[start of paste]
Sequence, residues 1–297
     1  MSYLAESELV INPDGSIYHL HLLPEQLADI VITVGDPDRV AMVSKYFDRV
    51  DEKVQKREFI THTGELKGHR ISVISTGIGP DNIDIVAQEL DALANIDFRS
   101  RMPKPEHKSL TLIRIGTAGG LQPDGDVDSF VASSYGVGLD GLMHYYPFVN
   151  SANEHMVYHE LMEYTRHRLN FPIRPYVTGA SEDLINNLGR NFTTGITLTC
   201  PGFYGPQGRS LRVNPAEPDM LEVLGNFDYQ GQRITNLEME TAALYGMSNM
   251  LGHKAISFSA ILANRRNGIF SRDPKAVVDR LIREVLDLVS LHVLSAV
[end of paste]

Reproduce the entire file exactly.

Sequence, residues 1–297
     1  MSYLAESELV INPDGSIYHL HLLPEQLADI VITVGDPDRV AMVSKYFDRV
    51  DEKVQKREFI THTGELKGHR ISVISTGIGP DNIDIVAQEL DALANIDFRS
   101  RMPKPEHKSL TLIRIGTAGG LQPDGDVDSF VASSYGVGLD GLMHYYPFVN
   151  SANEHMVYHE LMEYTRHRLN FPIRPYVTGA SEDLINNLGR NFTTGITLTC
   201  PGFYGPQGRS LRVNPAEPDM LEVLGNFDYQ GQRITNLEME TAALYGMSNM
   251  LGHKAISFSA ILANRRNGIF SRDPKAVVDR LIREVLDLVS LHVLSAV